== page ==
Whilst WWF has a strong country-level presence in Bhutan, India and Nepal, WWF’s Living Himalayas Initiative has been focusing on regional level work, particularly in regard to climate based issues; as Dr. Rohweder said, “The impacts of climate change are not restricted by political boundaries”. They also tend to be interconnected with issues of biodiversity, water availability and human livelihoods; so any effort to address these issues must ‘look beyond borders’ and deal with them at a regional scale.

The leaders of the 4 countries have acknowledged this, and agreed that if they are going to have any success in terms of preparing their countries for the adverse effects of climate change, they must work together at a regional level. The agreement at the summit underscores this, and highlights the vital role played by WWF’s Living Himalayas Initiative.

The work really starts now though – a point emphasized by various participants at the summit, including Dr. Rohweder, “While it has been heavy going in the lead up to the summit, our work really starts now. Our role as a solutions-based organization with decades of experience in the region puts us in a position where we can really make a difference, and help make real the outcomes of the summit”.

Claiming the summit as a big success for the Living Himalayas Initiative, Dr. Rohweder said that the regional context of the Living Himalayas Initiative has increased the effectiveness of WWF’s in-country investments - specifically WWF-UK, WWF-US and WWF-Finland’s. One of the great challenges at WWF is the constant need to produce success stories that provide models to be shared and replicated, as well as lessons learned, but these three WWF offices working alongside the Living Himalayas Initiative have been doing so effectively.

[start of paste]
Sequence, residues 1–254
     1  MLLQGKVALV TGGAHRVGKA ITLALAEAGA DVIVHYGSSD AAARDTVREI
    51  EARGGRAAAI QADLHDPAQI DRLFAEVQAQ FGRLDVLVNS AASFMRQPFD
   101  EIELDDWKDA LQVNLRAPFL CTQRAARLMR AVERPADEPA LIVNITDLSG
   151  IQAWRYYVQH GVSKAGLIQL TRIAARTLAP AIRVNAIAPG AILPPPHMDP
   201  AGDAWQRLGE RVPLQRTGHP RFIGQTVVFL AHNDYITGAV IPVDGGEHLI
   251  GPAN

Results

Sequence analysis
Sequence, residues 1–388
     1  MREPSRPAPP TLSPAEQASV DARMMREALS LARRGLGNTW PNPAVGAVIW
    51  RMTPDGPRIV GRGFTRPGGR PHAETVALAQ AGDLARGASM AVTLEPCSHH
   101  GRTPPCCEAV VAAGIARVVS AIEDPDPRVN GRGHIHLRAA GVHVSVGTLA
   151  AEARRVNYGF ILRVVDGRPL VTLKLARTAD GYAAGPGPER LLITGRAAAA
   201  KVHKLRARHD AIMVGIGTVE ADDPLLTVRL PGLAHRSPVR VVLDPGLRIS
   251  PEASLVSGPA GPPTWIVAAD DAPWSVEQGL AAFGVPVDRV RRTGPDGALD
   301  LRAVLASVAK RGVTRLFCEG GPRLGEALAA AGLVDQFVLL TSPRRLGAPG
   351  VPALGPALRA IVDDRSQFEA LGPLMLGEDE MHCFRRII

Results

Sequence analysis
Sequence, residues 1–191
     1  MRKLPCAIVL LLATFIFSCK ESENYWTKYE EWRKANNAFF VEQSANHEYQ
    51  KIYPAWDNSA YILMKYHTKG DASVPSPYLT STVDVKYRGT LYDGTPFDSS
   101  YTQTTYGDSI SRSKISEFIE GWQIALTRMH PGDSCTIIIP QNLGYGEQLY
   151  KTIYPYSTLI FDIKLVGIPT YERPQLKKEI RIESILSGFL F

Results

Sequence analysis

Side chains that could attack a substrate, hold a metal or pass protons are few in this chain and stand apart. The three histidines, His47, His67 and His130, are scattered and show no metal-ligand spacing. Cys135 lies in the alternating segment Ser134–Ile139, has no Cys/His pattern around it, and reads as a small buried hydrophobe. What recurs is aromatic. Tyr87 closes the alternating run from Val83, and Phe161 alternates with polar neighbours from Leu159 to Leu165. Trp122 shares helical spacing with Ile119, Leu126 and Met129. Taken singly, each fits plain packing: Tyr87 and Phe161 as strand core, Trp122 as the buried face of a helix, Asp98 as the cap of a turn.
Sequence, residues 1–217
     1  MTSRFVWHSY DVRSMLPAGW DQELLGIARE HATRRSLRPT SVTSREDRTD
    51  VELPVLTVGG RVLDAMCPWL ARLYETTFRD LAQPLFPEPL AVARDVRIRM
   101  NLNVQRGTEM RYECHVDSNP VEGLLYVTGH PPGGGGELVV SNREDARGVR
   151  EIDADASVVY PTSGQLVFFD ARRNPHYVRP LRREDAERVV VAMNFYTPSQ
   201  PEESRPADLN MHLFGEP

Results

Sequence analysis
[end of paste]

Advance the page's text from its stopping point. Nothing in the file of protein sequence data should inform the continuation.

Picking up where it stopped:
The key for the Living Himalayas Initiative now is to realign itself with the outcomes of the summit, and look for further support from the WWF network so it can continue to work effectively and diligently on issues linked with securing the freshwater systems of the Himalayas, and the sustainable use of its biodiversity. An increased focus is also needed on protecting some of the iconic species of the region (such as the snow leopard and red panda), as well as increasing the role of local communities in conservation, and establishing a network of community conservation areas across the eastern Himalayas.

All of which pose challenges, but as Dr. Rohweder said, “We have succeeded in the past and we will succeed in the future too”. It was unthinkable a couple of years ago that that the eastern Himalayan nations would come together to combat the impacts of climate change. A challenge that was taken up by WWF’s Living Himalayas Initiative and made a reality. Proof that WWF has a vital role to play in the future of the Himalayas and the fight against the impacts of global climate change.
Dr. Liisa Rohweder, CEO WWF-Finland
The Climate Summit for a Living Himalayas -Bhutan 2011
Dr. Pema Gyamtsho, Bhutan's Minister of Agriculture and Forests, with WWF staff outside the Climate Summit for a Living Himalayas.
Dr. Rohweder visiting school children in Wangchuck National Park, Bhutan.